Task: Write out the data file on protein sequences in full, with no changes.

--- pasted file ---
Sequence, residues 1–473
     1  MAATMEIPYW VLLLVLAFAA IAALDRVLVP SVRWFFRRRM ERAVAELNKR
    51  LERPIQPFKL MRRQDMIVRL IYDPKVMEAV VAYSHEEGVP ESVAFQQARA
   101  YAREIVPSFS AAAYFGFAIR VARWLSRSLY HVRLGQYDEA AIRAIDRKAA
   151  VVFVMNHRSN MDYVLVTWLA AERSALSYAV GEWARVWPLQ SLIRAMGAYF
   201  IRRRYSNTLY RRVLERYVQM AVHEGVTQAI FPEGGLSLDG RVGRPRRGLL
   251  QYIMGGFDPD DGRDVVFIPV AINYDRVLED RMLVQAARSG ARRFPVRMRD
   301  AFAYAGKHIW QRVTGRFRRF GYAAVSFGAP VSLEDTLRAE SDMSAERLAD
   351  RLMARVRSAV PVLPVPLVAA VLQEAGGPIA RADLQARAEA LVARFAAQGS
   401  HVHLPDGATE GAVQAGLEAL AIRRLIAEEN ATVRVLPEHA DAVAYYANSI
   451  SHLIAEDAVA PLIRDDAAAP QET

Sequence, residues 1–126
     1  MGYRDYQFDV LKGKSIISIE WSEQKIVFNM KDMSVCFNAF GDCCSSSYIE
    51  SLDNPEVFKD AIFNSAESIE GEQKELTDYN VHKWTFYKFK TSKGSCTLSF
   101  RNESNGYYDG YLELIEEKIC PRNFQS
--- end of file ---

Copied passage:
Sequence, residues 1–473
     1  MAATMEIPYW VLLLVLAFAA IAALDRVLVP SVRWFFRRRM ERAVAELNKR
    51  LERPIQPFKL MRRQDMIVRL IYDPKVMEAV VAYSHEEGVP ESVAFQQARA
   101  YAREIVPSFS AAAYFGFAIR VARWLSRSLY HVRLGQYDEA AIRAIDRKAA
   151  VVFVMNHRSN MDYVLVTWLA AERSALSYAV GEWARVWPLQ SLIRAMGAYF
   201  IRRRYSNTLY RRVLERYVQM AVHEGVTQAI FPEGGLSLDG RVGRPRRGLL
   251  QYIMGGFDPD DGRDVVFIPV AINYDRVLED RMLVQAARSG ARRFPVRMRD
   301  AFAYAGKHIW QRVTGRFRRF GYAAVSFGAP VSLEDTLRAE SDMSAERLAD
   351  RLMARVRSAV PVLPVPLVAA VLQEAGGPIA RADLQARAEA LVARFAAQGS
   401  HVHLPDGATE GAVQAGLEAL AIRRLIAEEN ATVRVLPEHA DAVAYYANSI
   451  SHLIAEDAVA PLIRDDAAAP QET

Sequence, residues 1–126
     1  MGYRDYQFDV LKGKSIISIE WSEQKIVFNM KDMSVCFNAF GDCCSSSYIE
    51  SLDNPEVFKD AIFNSAESIE GEQKELTDYN VHKWTFYKFK TSKGSCTLSF
   101  RNESNGYYDG YLELIEEKIC PRNFQS